Learn From the Pros: 10 Tips on Writing a Resume

The resume is your most important sales tool you can use when looking for a new job. It is one of the tools you’ll use again and again throughout your entire lifetime. Knowing some of the top tips to writing a good resume is important when you are getting your resume together. You want your resume to stand out from others and showcase your talents and abilities very well. 
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1. Be honest. It’s easy for an employer to check your facts. It may seem to make you look better at the time but it can backfire. Also, if you are found out later you could be terminated. If you over-inflate your abilities you just won’t be able to live up to the expectations.

2. Use one page only if possible. Condense your information and remove anything that isn’t relevant. You can elaborate later in the interview. The best resumes are those that can be easily and quickly skimmed.

3. Use bold headings to separate the sections and make it easy to read at a glance. Always put your name at the top. Don’t make employers hunt through the resume to find out your name or phone number.

4. Always ask for exactly what you want. When listing your career objective be specific and honest. You won’t get what you want if you don’t ask for it! While you don’t want to shoot too high (avoid asking for the CEO’s job) you want to show that you are highly capable.

5. Summarize your qualifications. Use the best descriptions you can write to describe your experience, skills and accomplishments. These should be bullet points. When reviewing your resume remove redundant words and look for similar words in a Thesaurus.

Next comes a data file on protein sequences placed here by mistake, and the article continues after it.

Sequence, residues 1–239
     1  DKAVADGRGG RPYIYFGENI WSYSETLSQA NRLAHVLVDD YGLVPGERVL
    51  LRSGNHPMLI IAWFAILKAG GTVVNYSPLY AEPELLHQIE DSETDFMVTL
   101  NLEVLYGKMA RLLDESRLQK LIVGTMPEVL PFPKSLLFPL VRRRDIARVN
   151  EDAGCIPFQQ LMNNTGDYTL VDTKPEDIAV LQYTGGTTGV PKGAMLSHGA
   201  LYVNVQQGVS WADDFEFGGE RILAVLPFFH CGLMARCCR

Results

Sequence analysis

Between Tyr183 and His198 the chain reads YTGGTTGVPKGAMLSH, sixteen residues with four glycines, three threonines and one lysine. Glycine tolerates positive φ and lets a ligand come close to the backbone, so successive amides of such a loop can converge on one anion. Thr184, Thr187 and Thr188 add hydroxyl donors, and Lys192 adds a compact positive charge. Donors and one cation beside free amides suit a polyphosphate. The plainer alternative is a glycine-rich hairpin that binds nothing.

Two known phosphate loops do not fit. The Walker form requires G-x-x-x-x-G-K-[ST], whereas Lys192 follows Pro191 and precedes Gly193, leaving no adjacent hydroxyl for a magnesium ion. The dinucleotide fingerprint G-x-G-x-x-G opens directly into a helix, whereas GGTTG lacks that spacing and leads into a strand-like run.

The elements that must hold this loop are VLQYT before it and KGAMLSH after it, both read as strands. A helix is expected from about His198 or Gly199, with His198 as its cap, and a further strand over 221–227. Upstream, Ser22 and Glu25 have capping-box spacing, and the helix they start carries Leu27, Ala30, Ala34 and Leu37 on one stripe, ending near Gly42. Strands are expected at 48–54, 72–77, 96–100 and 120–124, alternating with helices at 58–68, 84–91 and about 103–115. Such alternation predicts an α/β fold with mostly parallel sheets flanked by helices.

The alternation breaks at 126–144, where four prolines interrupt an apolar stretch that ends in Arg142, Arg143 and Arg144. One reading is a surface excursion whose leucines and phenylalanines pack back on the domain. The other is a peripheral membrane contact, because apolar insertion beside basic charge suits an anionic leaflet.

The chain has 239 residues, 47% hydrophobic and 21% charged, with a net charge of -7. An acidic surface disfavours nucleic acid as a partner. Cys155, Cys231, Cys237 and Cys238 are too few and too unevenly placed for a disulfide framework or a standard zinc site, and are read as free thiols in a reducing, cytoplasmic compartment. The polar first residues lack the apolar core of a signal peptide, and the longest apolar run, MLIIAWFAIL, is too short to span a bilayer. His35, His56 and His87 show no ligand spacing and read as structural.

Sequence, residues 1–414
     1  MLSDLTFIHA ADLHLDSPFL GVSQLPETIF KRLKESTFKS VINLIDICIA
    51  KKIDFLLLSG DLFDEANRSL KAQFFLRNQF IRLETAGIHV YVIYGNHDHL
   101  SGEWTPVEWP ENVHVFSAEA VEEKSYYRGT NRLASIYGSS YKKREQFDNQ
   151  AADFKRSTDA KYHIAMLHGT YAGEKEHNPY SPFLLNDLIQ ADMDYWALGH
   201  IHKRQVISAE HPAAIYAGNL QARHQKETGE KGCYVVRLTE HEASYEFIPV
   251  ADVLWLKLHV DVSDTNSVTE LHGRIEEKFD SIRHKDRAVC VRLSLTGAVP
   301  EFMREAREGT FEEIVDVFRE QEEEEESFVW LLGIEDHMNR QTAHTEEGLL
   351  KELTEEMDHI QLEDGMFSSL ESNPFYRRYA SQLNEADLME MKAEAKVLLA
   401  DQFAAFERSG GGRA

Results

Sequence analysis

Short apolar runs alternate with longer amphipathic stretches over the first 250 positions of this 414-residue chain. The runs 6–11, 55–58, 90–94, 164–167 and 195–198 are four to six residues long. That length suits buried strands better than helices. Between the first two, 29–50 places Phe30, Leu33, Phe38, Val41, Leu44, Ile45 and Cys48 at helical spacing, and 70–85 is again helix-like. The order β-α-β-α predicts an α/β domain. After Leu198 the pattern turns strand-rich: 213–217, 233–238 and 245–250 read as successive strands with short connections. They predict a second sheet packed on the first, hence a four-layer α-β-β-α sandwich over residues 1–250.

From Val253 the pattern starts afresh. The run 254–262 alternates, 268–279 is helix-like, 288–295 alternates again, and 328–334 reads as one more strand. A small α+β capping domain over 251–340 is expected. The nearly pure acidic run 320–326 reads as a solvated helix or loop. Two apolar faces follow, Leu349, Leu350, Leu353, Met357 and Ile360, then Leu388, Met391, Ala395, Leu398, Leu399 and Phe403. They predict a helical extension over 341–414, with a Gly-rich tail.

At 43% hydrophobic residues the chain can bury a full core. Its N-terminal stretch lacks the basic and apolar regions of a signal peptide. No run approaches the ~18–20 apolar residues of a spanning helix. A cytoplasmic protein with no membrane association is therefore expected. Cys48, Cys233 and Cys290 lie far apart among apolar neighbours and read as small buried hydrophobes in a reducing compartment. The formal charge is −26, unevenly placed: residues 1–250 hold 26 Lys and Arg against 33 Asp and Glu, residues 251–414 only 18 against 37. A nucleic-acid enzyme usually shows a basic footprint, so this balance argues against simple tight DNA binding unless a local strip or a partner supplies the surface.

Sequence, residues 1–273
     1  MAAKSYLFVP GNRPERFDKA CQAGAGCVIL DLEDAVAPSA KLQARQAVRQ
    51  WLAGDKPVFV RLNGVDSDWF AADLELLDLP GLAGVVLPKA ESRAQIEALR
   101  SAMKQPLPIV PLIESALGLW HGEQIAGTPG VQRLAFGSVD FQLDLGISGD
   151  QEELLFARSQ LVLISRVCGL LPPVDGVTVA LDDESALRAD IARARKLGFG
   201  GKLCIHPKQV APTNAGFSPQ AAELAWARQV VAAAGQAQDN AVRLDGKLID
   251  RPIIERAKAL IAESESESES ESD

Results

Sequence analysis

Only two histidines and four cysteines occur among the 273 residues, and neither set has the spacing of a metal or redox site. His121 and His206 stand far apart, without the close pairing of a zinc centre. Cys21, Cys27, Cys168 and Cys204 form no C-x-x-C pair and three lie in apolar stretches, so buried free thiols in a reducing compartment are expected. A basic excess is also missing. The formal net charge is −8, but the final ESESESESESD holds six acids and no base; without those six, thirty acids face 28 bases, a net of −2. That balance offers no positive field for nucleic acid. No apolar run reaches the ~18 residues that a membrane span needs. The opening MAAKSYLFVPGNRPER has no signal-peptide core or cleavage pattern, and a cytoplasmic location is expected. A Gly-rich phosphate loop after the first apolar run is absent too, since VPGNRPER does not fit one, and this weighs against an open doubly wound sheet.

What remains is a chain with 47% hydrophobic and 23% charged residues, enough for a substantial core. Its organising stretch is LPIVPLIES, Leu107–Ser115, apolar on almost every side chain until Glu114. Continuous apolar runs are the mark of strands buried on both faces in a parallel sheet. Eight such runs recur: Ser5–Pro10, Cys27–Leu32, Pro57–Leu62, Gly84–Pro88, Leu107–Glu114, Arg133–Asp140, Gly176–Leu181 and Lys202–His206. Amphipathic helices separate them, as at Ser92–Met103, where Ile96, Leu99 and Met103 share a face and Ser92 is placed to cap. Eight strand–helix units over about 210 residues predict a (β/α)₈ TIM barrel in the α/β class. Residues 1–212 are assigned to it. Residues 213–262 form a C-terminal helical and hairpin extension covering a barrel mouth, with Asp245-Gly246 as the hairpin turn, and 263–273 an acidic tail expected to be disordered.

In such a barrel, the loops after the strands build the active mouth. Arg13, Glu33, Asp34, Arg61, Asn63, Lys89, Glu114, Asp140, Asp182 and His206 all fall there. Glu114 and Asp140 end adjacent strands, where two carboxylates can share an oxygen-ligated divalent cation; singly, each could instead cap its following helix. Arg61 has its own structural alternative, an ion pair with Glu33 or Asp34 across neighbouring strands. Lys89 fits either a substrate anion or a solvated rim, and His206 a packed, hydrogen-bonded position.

6. Show relevant work history. When listing job responsibilities be creative and always attach real facts when possible. If you have extensive work history that dates back quite far you can leave off anything that is too old or totally irrelevant. If you don’t have much work history use what you do have to creatively tailor the experience to fit the job you’re applying for.

7. Format your resume so that it’s easy to read. Keep it all one font – preferably a standard print type. Never use cursive! Don’t use fancy printed papers and forget about using italics and small print to fit everything onto the page.

8. Use dynamic words to describe your achievements. Write using the most descriptive words you can think of to describe yourself. Take some help from other resumes and samples that you can find online. These will help you get thinking in the right direction.